I’ll close with a picture of Erebus because it looks cool every day and I only take a picture every other day, but that’s still a lot of pictures, so I have to post one.

Erebus often has its own clouds. Here, there is a strip of them, so you can see the top and bottom.

Erebus often has its own clouds. Here, there is a strip of them, so you can see the top and bottom.

Closing up timelapse

Jon set up some go pros around the high bay to take pictures every 10 seconds while we were closing up. The result is pretty sweet. You can see the various layers going on the cryostat, and the domes being closed up. I wore red for a couple consecutive days, so I’m easy to pick out!

On the pump!

Wow, what progress can be made in a week! We have gone from unpacking to on the pump in one week- a new record for the SPIDER team. Being on the pump is a big milestone for us because pumping all of the gas out of our cryostat takes a fixed amount of time, and no amount of will power or hard work can make it go any faster. Therefore, we use up all of our will power and work ethic in the time leading up to that stage and then relax just a little bit while the pump does the work for us once we’re all closed up.

We finished buttoning Theo up and started pumping a couple hours ago, and now Ed and I are monitoring it over night. We have to be very careful with the speed at which we pump down the cryostat, since we have very thin filters that can tear if they are subject to a big pressure differential. They are kind of like thin balloons- we don’t want them to pop. So we slowly open a needle valve bit by bit until sometime early tomorrow when we’ll have only a small fraction of an atmosphere left in there. We’ll repressurize with nitrogen a few times (this, in theory, helps dislodge water molecules that adhere to the surfaces inside the cryostat) and then leak check the system.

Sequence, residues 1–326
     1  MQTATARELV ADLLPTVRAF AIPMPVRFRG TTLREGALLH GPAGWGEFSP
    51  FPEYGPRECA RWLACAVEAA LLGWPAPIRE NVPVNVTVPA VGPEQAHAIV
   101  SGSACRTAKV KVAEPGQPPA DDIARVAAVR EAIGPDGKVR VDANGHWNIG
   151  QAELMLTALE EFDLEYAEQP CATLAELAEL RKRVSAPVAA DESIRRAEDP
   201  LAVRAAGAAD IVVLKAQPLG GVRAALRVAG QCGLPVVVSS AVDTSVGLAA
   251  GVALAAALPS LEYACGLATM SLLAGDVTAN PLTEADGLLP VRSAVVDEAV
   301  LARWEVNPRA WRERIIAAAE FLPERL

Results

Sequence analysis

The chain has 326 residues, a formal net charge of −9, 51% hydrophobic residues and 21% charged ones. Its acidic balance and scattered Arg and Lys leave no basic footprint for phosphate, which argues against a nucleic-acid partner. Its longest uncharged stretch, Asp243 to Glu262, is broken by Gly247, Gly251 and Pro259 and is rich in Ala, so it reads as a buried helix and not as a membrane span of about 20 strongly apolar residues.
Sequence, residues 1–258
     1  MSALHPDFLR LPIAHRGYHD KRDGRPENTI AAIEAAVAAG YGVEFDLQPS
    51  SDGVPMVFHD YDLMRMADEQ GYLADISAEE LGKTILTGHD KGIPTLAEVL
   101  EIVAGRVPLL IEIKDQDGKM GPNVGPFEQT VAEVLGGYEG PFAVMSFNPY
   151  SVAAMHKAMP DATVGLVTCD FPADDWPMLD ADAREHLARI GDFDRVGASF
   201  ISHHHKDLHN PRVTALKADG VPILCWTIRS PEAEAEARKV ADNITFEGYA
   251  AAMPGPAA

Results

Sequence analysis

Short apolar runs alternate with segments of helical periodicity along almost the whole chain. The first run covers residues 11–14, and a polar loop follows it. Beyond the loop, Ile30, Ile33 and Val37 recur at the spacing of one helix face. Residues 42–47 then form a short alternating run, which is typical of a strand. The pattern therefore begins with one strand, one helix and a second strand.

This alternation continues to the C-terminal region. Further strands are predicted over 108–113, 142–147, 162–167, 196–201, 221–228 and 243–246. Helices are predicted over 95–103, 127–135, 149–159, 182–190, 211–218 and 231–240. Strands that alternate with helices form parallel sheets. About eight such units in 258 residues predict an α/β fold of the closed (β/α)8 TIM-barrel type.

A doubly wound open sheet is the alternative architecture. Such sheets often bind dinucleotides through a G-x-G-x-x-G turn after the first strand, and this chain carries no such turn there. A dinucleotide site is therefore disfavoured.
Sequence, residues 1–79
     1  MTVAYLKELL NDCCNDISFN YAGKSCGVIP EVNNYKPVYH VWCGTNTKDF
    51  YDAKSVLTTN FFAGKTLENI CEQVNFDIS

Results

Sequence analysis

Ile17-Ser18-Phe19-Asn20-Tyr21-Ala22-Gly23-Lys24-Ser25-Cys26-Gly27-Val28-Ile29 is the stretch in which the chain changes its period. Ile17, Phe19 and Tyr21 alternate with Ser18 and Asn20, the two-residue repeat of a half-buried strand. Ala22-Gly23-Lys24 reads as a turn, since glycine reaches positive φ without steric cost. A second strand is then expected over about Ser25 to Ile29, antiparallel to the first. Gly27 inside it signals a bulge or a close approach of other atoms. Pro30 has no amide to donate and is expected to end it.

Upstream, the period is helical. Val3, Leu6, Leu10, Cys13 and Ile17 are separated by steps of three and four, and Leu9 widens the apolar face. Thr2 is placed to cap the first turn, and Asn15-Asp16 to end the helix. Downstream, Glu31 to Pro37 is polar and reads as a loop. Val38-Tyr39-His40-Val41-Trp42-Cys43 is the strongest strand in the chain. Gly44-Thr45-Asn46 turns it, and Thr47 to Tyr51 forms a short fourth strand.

While we twiddle our thumbs (and occasionally the needle valve), I figured I would post some pictures. First of work done over the past few days, and then of the environment here at LDB, since I have heard a request for shots of buildings. I haven’t spent a lot of time in town lately, but I’ll take pictures of those buildings soon!

To get to and from LDB, there are a variety of vehicular options. Most mornings, we take the Cress, but I don’t have a picture of that just now. It’s basically a semi whose trailer is a big passenger compartment. It is cold and slow and I don’t like it all that much. On Sundays, when the number of people heading to LDB is drastically reduced, we take these awesome vehicles called deltas. Those are the first ones pictured below. They are nice because you can see out the windows, sit across from each other, and are reasonably fast. My most common means of transport (and also the least cool) is shuttle van, shown in the last photo. It is just a big van with big tires.

Today I walked around and took some pictures around LDB.